These moisture absorbers work well in small areas, including inside cabinets.
Method 5: Coffee Whitener
This homemade dehumidifier uses a surprising moisture absorber, coffee creamer — specifically, non-dairy coffee creamer as it contains a lot of dehydrated corn syrup, which is excellent at reducing humidity levels.
Coffee whitener is one of the more expensive dehumidifier materials you can use, so you’ll probably only want to try it if you have access to a cheap bulk supply.
This is one of the easiest DIY dehumidifiers you can make. You’ll only need to put some coffee whitener in a bowl and place it where you need to pull moisture from the air. Check the coffee whitener dehumidifier periodically and change it for a fresh supply when it goes hard.
Method 6: Moisture Absorbing Crystals
You can use moisture-absorbing crystals for a DIY dehumidifier the same way as rock salt. Put the crystals in the upper bucket, and water will collect in the bottom one.
These crystals are used in commercially available dehumidifiers, so they are very effective. You will save money by doing it yourself rather than paying for fancy housing.
Just make sure you empty your DIY dehumidifier collection bucket frequently and replace the crystals when the colour indicator changes.
Method 7: Calcium Chloride
A DIY dehumidifier with calcium chloride inside is even more effective as a moisture absorber than salt.
Like with the table salt method, you can fill a fine mesh bag or a stocking with calcium chloride granules and hang the tied bag over a large bowl to collect the water.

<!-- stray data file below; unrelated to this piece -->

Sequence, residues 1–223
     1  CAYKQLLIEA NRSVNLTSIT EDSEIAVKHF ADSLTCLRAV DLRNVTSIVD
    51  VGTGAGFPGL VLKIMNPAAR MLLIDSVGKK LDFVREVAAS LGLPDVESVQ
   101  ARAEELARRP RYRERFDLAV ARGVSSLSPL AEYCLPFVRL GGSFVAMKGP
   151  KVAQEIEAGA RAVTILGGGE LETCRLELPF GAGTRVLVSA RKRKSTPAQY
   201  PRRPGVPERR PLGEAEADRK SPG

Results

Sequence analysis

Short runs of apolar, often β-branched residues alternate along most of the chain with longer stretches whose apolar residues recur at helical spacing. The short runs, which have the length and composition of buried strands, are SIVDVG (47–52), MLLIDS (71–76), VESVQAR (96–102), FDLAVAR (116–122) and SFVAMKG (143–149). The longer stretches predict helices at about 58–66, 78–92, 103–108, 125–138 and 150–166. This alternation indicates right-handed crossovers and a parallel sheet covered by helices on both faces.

The calcium chloride dissolves as it collects water, so make sure you have a big enough collection container otherwise, you’ll be clearing up a chalky mess. Empty the bowl frequently down a drain and refill the bag with new calcium chloride.
Method 8: Baking Soda
Finally, you can make a homemade dehumidifier using baking soda. Just like charcoal, baking soda will absorb odours and any excess moisture.
All you need to do is open a box and place it in the humid area you need to dry. Replace the baking soda when it starts to harden.
Making Your Own Dehumidifier
We hope you found this guide on making a homemade dehumidifier helpful. Give each one a go and find which dehumidifier works best at reducing humidity and dampness in your room, basement or other space.
If you have questions about this topic, feel free to leave us a comment. For more home appliance tips and tricks, check out our other DIY guides!
- What Size Dehumidifier Do I Need
- How Does a Dehumidifier Work
- What Does a Dehumidifier Do for Your Health
- What Does an Air Purifier Do
- How to Clean Air Purifiers